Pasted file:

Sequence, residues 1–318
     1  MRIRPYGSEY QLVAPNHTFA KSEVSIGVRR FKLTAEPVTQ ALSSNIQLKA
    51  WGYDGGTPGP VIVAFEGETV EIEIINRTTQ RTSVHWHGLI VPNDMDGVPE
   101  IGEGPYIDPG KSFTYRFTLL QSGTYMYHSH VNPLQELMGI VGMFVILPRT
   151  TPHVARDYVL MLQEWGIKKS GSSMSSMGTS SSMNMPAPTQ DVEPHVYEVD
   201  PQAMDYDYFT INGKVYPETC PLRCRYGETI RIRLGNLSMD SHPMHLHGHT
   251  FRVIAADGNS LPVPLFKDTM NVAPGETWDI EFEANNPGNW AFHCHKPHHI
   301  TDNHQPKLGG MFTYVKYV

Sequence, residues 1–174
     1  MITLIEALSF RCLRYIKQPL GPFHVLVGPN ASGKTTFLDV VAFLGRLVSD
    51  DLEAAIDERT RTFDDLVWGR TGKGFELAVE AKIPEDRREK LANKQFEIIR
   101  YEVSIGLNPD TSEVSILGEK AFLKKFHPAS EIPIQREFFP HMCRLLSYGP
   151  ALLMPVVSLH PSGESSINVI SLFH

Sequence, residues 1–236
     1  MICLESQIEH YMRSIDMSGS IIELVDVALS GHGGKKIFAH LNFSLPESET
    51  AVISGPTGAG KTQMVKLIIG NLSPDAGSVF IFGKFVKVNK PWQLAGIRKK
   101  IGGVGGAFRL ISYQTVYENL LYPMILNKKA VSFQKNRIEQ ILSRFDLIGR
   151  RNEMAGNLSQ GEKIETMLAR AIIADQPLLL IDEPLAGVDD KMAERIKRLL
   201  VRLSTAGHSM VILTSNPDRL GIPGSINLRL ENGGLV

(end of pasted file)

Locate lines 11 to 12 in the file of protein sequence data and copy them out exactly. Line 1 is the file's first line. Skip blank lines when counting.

    51  DLEAAIDERT RTFDDLVWGR TGKGFELAVE AKIPEDRREK LANKQFEIIR
   101  YEVSIGLNPD TSEVSILGEK AFLKKFHPAS EIPIQREFFP HMCRLLSYGP